No matter which ice cream spot you choose, you’re sure to find a delicious treat on Whidbey Island. These ice cream shops are the perfect way to cool off on a hot summer day and experience a fun outing with friends and family. Share your adventures with us at @windermere_whidbey_Island on Instagram.
When it comes to buying a home, choosing the right lender is an important decision that can have a significant impact on your home buying experience. While it’s possible to work with a lender from anywhere, working with a reputable local lender in the area you are purchasing provides many benefits that make the process smoother and more enjoyable. In this article, we will share five reasons why you should consider using a reputable local lender for your next home purchase.
5 Reasons to Use a Reputable Local Lender:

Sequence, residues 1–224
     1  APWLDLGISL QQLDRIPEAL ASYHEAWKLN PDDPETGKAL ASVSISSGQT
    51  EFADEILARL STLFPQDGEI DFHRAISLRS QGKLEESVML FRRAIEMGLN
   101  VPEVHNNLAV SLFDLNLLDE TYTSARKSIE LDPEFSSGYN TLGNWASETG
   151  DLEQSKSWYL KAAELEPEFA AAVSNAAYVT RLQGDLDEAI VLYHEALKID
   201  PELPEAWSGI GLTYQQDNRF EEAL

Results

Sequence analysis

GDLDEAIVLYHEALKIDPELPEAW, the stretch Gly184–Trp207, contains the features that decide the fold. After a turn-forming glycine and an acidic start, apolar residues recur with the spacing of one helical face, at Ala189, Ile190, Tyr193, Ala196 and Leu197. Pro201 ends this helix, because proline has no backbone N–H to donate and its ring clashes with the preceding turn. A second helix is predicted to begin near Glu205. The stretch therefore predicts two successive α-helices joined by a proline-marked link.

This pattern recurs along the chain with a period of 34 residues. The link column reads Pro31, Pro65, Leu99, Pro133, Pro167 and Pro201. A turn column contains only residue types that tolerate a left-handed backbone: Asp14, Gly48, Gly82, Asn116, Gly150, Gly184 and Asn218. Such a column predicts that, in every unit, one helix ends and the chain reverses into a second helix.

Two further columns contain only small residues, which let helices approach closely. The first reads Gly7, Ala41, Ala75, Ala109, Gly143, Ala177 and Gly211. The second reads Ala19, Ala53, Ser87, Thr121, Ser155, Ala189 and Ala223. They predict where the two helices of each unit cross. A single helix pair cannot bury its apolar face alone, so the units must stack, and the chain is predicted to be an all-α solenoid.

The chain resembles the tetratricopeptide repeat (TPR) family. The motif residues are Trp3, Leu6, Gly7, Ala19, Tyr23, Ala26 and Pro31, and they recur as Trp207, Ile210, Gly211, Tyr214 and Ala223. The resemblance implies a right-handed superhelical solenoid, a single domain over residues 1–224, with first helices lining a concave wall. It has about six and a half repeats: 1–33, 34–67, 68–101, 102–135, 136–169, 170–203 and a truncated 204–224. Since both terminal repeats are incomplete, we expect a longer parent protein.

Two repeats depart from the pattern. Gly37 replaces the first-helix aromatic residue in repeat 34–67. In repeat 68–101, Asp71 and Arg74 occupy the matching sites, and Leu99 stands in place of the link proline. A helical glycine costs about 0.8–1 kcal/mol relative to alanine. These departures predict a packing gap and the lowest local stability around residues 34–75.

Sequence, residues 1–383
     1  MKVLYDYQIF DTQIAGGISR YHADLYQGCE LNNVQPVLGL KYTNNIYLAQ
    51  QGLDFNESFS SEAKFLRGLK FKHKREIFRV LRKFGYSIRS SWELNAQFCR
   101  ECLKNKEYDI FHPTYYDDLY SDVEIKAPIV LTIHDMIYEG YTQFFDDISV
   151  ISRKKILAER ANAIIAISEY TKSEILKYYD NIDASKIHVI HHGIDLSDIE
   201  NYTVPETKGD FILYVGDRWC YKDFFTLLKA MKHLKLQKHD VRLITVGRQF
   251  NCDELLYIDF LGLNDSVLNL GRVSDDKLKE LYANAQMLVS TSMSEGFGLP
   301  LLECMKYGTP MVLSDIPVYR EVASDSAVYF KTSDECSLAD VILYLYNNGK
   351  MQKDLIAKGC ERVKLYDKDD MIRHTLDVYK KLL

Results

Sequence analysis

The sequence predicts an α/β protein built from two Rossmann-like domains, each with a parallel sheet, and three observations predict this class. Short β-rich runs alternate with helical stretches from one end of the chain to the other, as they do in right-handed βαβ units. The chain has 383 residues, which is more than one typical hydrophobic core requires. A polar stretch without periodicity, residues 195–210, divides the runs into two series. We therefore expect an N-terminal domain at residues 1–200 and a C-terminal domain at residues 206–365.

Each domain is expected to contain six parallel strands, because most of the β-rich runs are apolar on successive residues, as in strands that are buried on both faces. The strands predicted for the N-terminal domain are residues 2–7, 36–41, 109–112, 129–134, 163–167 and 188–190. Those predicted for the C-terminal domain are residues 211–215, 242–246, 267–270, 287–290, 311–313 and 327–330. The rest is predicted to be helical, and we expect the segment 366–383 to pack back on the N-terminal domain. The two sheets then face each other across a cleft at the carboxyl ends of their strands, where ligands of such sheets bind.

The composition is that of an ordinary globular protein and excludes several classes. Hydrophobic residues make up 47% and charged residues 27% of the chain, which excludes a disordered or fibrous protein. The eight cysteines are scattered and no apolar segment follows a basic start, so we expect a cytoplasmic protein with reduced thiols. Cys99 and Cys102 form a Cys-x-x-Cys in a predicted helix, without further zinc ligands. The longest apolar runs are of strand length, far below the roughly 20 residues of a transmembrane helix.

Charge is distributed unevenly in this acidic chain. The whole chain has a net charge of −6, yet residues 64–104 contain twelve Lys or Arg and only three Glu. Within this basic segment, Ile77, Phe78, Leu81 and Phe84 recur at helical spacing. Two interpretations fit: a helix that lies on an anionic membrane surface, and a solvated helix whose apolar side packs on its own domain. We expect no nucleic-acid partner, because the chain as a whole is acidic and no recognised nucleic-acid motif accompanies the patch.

1. Personal Connection:
A local lender provides the opportunity to have a face to face conversation and build a personal relationship, which can be especially helpful when dealing with complex issues. How much better is it to have the ability to sit down face to face with someone and discuss, ask questions, smile and laugh with or even cry if necessary? It is so much better than trying to solely do things over the phone or email with someone hundreds of miles away. When the going gets tough, you (or your trusted real estate broker) can go directly to the office and discuss the issues in person to figure it out rather than be put on hold.
2. Knowledge of the Market: